Boston officials on Thursday stressed the urgent need to prepare the city’s waterfront for the reality of climate change, urging for a broad, holistic approach to defenses from rising sea levels, rather than a parcel-by-parcel strategy that relies on individual development projects.
As part of that effort, the Wu administration intends to hire an infrastructure planner who can target available federal funding, the Rev. Mariama White-Hammond, the city’s chief of environment, energy, and open spaces, said at a Thursday hearing of the Boston City Council.
“For all of the planning we’ve done, the real focus now is on implementation,” White-Hammond said. “We don’t have a lot of time.”
Preparing for this will cost billions, new Chief Planner Arthur Jemison said. The city has historically relied on real estate developers and individual property owners to implement flood-protection and resiliency measures within their own property lines, he said, but has thus far been missing a comprehensive, coordinated climate change effort.
“Some of us are focused on programming waterfronts. Others of us are focused on sea walls and infrastructure,” he said. “The most imminent threat to all of us is the absence of the dollars ... (and) coordination required to actually implement the changes.”
Jemison touted Boston’s strong revenue base and AAA credit rating and “unprecedented state and federal dollars available to attack these efforts.” In his former role as a top official at the US Department of Housing and Urban Development, Jemison’s team allocated $80 billion to communities recovering from disasters — almost all of which had a direct relationship to climate change.
Jemison, who is also director of the Boston Planning and Development Agency, said the BPDA would be developing more climate resilience plans across the city. He highlighted recommendations in the Resilient Boston Harbor report, issued in 2019, as an example of the type of infrastructure work that could be done to both protect the city from a coastal storm and increase public space along the waterfront.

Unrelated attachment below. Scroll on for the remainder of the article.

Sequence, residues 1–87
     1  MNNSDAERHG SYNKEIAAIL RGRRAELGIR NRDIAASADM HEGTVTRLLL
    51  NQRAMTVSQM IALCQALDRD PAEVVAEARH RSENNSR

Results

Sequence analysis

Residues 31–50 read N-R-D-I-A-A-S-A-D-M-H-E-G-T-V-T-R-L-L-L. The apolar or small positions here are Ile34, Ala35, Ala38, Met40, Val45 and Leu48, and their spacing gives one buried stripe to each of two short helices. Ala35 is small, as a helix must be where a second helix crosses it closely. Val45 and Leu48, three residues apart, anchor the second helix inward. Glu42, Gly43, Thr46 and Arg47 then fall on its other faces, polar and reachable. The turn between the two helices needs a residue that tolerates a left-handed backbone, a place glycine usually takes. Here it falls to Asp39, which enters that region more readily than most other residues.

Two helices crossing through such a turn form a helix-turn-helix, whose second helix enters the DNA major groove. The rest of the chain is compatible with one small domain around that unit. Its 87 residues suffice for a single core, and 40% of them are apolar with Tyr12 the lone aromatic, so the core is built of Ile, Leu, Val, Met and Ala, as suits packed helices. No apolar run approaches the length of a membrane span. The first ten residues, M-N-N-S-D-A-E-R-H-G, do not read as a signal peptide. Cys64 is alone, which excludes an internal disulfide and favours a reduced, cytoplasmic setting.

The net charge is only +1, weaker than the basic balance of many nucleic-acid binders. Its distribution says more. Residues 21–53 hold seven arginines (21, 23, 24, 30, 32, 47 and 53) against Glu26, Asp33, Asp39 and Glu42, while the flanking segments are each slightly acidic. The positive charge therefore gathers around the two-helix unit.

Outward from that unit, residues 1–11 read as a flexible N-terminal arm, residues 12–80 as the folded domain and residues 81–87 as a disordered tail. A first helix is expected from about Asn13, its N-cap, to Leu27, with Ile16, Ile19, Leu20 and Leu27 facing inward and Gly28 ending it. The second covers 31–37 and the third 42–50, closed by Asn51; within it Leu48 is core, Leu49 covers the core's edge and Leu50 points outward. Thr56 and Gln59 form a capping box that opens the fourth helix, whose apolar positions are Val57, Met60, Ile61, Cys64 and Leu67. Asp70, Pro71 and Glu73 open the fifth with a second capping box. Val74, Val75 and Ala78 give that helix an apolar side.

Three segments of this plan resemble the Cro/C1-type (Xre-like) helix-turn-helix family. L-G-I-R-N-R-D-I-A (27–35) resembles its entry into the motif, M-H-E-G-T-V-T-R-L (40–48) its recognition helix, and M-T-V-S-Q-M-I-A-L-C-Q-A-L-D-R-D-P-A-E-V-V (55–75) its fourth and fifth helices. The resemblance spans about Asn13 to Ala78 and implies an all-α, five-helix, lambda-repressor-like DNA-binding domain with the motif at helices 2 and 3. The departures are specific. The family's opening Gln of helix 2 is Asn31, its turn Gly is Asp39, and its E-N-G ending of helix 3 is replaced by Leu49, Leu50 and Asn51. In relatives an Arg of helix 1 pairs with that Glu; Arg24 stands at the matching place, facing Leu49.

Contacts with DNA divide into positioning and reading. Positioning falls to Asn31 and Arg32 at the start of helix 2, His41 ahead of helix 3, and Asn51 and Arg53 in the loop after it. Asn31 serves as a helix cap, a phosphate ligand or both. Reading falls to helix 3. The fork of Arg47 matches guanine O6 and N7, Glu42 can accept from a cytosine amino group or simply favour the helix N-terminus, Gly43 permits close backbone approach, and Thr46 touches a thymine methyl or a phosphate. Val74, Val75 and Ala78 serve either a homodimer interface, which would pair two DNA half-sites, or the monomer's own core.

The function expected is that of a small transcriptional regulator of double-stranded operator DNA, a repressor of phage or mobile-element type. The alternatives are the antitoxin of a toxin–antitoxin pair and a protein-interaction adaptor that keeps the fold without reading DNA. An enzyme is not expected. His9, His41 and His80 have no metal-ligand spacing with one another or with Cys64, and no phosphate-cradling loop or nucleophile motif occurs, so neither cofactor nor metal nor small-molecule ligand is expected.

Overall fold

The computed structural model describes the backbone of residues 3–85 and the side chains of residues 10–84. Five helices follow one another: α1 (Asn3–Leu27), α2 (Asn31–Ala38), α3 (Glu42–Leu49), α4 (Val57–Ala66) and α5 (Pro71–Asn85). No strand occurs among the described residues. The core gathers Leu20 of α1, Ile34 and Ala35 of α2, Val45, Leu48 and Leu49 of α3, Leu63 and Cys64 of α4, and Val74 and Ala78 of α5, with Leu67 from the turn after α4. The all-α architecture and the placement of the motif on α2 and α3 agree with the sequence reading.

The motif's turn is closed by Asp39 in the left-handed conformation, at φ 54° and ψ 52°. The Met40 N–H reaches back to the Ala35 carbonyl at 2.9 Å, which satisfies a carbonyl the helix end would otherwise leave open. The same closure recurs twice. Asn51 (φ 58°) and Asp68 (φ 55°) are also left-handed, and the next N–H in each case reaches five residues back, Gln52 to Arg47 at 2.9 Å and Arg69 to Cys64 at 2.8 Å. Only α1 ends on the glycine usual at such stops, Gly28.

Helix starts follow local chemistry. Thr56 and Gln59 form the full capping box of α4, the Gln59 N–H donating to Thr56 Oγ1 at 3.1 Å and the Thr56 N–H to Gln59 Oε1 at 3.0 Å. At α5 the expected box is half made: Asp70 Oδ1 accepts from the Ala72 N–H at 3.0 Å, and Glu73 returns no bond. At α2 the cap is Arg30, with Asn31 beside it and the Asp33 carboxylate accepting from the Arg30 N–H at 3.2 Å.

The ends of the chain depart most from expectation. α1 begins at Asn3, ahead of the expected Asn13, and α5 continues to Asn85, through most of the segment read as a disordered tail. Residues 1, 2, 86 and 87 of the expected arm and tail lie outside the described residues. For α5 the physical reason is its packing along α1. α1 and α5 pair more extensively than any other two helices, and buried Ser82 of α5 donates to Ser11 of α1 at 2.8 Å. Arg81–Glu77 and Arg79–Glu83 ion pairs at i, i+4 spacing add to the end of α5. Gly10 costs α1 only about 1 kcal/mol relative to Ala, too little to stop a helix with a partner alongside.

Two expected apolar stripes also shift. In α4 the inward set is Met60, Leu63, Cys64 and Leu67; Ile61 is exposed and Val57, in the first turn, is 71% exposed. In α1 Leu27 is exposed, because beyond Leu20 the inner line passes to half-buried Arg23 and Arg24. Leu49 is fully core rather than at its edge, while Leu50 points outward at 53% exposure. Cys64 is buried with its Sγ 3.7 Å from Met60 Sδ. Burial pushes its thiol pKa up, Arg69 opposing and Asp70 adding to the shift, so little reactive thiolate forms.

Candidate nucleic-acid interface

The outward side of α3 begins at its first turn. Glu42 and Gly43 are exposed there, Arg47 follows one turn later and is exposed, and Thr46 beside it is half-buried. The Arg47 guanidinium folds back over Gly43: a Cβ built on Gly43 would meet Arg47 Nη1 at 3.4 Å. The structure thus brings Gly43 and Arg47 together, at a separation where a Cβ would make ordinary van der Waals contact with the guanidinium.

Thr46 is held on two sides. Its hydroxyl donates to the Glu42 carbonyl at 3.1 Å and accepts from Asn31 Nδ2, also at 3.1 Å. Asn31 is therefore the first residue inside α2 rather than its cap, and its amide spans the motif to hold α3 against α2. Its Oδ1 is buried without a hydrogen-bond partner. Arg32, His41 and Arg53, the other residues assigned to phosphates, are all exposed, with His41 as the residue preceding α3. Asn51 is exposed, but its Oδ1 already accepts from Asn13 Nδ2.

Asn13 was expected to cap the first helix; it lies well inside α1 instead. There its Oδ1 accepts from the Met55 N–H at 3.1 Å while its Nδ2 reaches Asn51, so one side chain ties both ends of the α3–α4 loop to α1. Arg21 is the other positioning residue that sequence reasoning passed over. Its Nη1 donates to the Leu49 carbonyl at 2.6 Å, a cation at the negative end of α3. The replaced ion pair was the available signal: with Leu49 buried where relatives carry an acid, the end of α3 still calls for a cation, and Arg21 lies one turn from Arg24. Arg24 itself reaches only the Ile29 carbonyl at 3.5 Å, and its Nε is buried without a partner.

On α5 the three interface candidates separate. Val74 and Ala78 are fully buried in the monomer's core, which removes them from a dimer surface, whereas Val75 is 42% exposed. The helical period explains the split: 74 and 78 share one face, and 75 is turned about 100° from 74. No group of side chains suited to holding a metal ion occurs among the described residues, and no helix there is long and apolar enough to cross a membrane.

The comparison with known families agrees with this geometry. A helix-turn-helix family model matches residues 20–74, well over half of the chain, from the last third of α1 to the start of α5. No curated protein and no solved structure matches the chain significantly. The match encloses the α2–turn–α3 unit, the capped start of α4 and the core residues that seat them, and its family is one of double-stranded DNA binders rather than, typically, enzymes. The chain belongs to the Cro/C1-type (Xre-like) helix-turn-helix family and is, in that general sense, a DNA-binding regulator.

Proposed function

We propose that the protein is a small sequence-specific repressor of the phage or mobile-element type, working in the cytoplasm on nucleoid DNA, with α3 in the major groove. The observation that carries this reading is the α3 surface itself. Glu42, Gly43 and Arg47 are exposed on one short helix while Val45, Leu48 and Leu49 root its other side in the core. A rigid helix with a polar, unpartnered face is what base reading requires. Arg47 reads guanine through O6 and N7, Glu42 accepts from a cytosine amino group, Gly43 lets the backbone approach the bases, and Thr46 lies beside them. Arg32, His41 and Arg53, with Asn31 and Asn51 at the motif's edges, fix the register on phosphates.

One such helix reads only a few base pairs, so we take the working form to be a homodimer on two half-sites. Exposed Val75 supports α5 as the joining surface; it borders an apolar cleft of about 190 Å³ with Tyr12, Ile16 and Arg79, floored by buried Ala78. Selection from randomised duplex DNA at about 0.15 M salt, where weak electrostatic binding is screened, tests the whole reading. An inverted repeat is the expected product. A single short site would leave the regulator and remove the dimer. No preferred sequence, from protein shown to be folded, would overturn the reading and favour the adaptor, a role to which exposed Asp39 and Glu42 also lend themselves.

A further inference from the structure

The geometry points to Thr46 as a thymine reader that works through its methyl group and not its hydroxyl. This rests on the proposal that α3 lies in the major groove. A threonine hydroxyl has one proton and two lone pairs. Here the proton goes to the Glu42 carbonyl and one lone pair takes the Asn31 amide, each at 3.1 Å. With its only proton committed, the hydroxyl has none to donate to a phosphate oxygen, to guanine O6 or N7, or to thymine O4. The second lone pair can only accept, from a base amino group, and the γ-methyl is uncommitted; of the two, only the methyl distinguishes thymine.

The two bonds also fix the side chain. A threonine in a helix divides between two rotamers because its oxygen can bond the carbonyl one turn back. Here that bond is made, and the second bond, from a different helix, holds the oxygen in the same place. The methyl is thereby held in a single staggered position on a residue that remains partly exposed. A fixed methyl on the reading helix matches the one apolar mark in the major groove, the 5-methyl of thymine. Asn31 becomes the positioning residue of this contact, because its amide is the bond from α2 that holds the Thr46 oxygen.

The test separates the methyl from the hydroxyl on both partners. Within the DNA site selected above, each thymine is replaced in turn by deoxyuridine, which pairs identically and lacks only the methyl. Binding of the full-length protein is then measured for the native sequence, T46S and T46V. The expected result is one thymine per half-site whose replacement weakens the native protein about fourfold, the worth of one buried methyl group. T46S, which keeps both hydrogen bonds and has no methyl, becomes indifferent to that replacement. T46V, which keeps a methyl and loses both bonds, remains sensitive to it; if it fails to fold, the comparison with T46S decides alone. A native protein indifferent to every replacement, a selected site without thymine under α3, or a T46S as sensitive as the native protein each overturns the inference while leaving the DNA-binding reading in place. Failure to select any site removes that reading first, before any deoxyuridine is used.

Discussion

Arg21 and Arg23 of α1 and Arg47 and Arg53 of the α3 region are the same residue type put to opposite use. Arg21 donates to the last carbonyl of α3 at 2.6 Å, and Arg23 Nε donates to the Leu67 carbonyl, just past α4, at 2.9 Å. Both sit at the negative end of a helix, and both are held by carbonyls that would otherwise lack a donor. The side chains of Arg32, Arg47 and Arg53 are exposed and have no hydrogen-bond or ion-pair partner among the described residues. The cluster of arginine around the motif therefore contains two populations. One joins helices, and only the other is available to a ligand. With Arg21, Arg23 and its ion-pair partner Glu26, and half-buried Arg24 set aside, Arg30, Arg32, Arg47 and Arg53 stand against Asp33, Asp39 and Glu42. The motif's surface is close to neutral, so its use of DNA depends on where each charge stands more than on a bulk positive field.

But not every waterfront property owner is capable of taking on flood-mitigation projects to protect their portion of land from being inundated by rising seas — nor do they all see the threat the same way. A warehouse owner may feel less urgency or risk about owning property in a flood plain than a homeowner in the same area, White-Hammond noted.
“If we’re going to raise resources, we have to look at solutions that address multiple challenges,” White-Hammond said.
Newly elected District 1 City Councilor Gabriela Coletta called for the hearing on comprehensive waterfront planning in her first act as a councilor after winning a special election in May. Coletta whose district includes East Boston, Charlestown, and the North End, spoke of her visceral reaction to viewing flood maps showing anticipated sea-level rise by 2030 and beyond.
“I look at these maps, and homes of my family and friends are in them,” said Coletta, who grew up in East Boston. “That is why I’m bringing this urgency to this space. ... I think that this is Big Dig level.”
The hearing included testimony from a number of community and waterfront advocates, including the Trustees of Reservations, East Boston housing group Neighborhood of Affordable Housing Inc., and the Stone Living Lab.
“We’ve seen numerous parks and private developments reshape the Boston waterfront over the past several decades. In the meantime, the planning strategies across multiple levels of government have not changed to meet new challenges,” said Kelly Sherman, manager of waterfront design for Boston Harbor Now. “A ‘build it and they will come’ mentality is no longer sufficient to address pressing crises.”
Rick Musiol, vice president of external affairs for the New England Aquarium, likened a holistic approach to harborwide planning to Boston’s past citywide infrastructure efforts, including the Big Dig and the cleanup of the Boston Harbor.
“Harborwide resiliency is Boston’s next big project,” he said.